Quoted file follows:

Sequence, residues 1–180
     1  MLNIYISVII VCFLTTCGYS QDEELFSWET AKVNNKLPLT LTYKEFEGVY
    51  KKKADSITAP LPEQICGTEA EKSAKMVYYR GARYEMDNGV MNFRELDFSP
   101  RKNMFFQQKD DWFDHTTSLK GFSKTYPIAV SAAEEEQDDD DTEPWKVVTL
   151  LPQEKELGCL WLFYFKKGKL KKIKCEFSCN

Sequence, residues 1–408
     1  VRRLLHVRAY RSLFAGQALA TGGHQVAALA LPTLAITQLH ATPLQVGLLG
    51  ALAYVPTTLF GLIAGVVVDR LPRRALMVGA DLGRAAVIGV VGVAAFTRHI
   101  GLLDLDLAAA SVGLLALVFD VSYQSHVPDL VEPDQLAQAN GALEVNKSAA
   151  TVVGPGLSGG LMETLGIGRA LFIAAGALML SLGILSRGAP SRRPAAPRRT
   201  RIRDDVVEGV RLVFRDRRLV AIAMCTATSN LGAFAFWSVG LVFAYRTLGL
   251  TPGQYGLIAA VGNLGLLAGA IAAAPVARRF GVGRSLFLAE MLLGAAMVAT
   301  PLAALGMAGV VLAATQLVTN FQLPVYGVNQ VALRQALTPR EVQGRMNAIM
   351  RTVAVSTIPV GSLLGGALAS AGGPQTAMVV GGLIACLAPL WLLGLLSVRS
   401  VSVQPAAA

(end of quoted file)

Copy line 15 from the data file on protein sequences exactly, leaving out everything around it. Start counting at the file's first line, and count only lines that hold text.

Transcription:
   401  VSVQPAAA